Hypertension and Stress: A Unified Concept

Hypertension and Stress: A Unified Concept

Hypertension and Stress: A Unified Concept

Hypertension and Stress: A Unified Concept


Understanding and treating hypertension has progressed significantly during the past 40 to 50 years. This progress has made a major contribution to health care concerns such as quality of life, prevention of disability, and mortality. In the past, hypertension and hypertensive disease had been a "silent scourge," but it is presently an industry. Research on hypertension has expanded into a variety of fields including epidemiology, endocrinology, surgery, pharmacology, and behavioral medicine. Therapeutic accomplishments have made hypertension a leading source of income for the pharmaceutical industry; the field of clinical pharmacology originated with the development of drugs to treat hypertension. Increasingly, specific drugs to treat specific mechanisms which raise blood pressure have moved from the laboratory to the bedside.

A constant awareness has been present that emotional stress, both from within the individual as well as from environmental sources, plays a role in the "three Ps" -- predisposition, precipitation, and perpetuation -- of hypertension. Arguments range from stating that such stress may be the major cause of at least some forms of hypertension, to allowing that although some effect is present from stress, it is only a minor perturbation of no significance in the overall pattern of the disease. Advocates of stress theory may be biased by a lack of detailed knowledge or experience with the physiology and biochemistry involved in the establishment of this disorder. On the other hand, those who deny the importance of stress factors may be unaware of the large body of data that indicate the role of these factors in any comprehensive understanding of hypertension.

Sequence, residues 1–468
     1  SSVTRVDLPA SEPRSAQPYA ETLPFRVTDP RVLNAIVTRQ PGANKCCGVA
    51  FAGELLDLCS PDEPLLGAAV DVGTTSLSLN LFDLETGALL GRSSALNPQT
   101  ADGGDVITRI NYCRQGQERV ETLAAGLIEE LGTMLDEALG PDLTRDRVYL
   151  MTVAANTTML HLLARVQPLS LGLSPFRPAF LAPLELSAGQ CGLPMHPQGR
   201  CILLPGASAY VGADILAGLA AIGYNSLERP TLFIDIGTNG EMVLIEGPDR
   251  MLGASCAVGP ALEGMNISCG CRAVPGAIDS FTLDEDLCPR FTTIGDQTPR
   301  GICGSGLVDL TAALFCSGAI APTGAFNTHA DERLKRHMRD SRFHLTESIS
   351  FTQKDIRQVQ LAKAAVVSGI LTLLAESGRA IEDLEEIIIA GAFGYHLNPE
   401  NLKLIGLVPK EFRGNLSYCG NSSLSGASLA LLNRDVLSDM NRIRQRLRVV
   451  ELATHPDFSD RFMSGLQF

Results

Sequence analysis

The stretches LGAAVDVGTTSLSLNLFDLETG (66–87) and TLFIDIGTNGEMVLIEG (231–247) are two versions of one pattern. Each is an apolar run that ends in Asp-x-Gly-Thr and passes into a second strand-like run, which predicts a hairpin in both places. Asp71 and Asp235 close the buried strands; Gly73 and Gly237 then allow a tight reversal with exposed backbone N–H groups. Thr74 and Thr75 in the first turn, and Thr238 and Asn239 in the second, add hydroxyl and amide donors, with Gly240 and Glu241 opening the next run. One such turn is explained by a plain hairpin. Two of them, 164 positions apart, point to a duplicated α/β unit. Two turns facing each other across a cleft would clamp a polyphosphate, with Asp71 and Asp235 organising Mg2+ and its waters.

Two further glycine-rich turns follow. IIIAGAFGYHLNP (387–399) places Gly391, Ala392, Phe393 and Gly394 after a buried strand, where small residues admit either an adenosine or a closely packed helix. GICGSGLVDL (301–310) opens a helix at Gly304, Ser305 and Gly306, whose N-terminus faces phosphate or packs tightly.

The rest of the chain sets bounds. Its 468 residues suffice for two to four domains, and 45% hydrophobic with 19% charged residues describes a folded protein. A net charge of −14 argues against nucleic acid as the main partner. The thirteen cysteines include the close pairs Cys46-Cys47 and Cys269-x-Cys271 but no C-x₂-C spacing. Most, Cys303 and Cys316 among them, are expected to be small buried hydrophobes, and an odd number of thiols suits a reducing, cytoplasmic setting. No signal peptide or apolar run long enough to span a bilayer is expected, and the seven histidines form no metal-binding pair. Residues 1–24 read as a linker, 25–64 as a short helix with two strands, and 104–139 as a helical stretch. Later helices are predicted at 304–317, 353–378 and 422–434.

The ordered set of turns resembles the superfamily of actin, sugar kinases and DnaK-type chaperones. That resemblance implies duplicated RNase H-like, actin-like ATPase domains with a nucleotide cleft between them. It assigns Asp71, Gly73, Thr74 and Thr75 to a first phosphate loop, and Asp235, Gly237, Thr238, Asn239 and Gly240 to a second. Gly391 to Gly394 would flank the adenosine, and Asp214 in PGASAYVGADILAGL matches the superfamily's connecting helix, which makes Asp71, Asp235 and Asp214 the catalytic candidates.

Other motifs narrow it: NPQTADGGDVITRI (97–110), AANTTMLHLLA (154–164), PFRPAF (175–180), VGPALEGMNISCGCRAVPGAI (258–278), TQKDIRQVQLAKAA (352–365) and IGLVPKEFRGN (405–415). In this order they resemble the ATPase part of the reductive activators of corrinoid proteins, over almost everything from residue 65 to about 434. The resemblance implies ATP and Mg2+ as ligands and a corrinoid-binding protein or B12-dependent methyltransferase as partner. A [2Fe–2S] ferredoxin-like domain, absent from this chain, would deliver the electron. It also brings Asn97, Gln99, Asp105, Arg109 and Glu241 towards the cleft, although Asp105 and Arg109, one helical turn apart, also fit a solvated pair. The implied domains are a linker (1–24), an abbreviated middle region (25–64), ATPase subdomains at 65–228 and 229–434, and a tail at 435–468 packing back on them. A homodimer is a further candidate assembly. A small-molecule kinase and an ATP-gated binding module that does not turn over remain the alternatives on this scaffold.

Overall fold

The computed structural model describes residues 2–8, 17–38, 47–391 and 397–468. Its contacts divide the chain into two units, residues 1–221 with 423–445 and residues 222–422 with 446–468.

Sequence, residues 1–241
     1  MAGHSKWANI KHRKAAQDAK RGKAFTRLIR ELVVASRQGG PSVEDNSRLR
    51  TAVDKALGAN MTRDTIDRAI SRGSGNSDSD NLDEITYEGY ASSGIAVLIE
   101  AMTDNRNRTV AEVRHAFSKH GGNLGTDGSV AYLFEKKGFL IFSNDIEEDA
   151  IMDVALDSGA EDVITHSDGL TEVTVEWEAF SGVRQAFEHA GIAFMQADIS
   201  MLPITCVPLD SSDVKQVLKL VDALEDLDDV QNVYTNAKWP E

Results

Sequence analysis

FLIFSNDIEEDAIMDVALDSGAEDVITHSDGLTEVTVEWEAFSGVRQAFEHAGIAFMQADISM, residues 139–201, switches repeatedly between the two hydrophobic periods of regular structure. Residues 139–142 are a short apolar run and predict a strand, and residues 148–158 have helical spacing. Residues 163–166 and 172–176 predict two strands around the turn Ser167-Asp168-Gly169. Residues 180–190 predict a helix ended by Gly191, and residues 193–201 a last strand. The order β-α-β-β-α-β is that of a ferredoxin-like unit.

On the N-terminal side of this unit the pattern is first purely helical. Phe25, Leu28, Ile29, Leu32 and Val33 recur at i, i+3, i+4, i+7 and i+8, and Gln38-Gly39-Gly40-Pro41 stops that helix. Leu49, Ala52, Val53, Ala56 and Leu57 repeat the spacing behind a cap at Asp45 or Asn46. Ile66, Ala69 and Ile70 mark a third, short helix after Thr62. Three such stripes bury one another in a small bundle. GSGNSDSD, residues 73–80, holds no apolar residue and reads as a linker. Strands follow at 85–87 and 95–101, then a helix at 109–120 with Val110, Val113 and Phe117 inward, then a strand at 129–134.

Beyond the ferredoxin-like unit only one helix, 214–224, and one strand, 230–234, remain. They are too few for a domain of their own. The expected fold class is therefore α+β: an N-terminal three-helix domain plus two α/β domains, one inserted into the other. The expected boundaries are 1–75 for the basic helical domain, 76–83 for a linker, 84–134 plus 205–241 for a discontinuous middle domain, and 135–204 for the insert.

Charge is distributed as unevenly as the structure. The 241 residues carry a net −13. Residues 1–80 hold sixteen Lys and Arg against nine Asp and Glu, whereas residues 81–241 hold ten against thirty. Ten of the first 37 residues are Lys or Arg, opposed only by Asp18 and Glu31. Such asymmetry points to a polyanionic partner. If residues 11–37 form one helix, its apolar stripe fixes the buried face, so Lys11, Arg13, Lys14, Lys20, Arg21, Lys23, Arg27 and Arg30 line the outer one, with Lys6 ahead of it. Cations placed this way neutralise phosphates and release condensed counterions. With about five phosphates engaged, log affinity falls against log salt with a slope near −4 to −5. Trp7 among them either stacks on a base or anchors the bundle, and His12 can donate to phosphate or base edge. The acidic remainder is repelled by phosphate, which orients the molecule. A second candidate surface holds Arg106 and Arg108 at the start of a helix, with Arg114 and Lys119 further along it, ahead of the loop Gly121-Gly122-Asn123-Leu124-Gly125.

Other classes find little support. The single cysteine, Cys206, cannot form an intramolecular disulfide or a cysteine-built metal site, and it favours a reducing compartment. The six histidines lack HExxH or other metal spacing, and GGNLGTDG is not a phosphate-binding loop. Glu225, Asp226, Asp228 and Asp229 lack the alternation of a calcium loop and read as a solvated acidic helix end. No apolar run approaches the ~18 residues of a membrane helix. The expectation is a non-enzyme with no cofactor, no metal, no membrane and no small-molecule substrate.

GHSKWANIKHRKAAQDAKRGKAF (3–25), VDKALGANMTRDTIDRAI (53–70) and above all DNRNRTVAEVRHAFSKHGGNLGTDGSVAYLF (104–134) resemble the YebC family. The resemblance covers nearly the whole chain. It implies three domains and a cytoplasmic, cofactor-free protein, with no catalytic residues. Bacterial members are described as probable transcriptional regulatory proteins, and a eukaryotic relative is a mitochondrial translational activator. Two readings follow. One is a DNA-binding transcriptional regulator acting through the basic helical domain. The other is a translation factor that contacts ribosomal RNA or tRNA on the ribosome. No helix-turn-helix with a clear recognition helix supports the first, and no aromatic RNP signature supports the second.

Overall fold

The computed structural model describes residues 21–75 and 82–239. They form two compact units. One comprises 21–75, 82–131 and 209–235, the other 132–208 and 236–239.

Following the Mosaic Theory, this book's approach to hypertension shows that multiple factors can be invoked in understanding the etiology and management of hypertension, where the strength of individual factors vary depending on genetic background, acquired diseases, and environmental influences. Stress can be involved in predisposition by affecting a genetically programmed person, in precipitation by supplying the stimulus to bring the disease to a clinical level, and in perpetuation by maintaining or exacerbating the clinical disease. This volume attempts to integrate what is known about the effects of stress on blood pressure with the overall mosaic of hypertension making use of the aforementioned "three Ps" as part of the framework for this integration.


I have written this book to explain the apparent dichotomy displayed by my seemingly discordant and diverse interests in hypertensive disease over the past 50 years. I have made physiological and pharmacological contributions to the understanding of hypertension and have been an active clinician in treating many patients with hypertension both as their primary internist as well as a consultant. As such, I have been a participant with colleagues of similar interests in the development of knowledge of this disorder over the years. Yet, during all of this time, I have had a major concern about the role of psychological and behavioral events on the course of hypertension, which rose out of the fact that my background had included training in psychiatry and psychosomatic disease. This latter interest has caused my fellow internists and clinical investigators to refer to me as a behaviorist/psychiatrist, whereas my colleagues in psychosomatic and behavioral science consider me to be one who contributes knowledge of cardiovascular physiology and clinical pharmacology in their midst.

I have tried to explain to both groups that there is no dichotomy in my thinking about the different aspects of this disease, and at times I have been successful in persuading some of my students of this fact. Stress factors in hypertension are as real as biochemical sequences and indeed are transmitted by the same metabolic . . .

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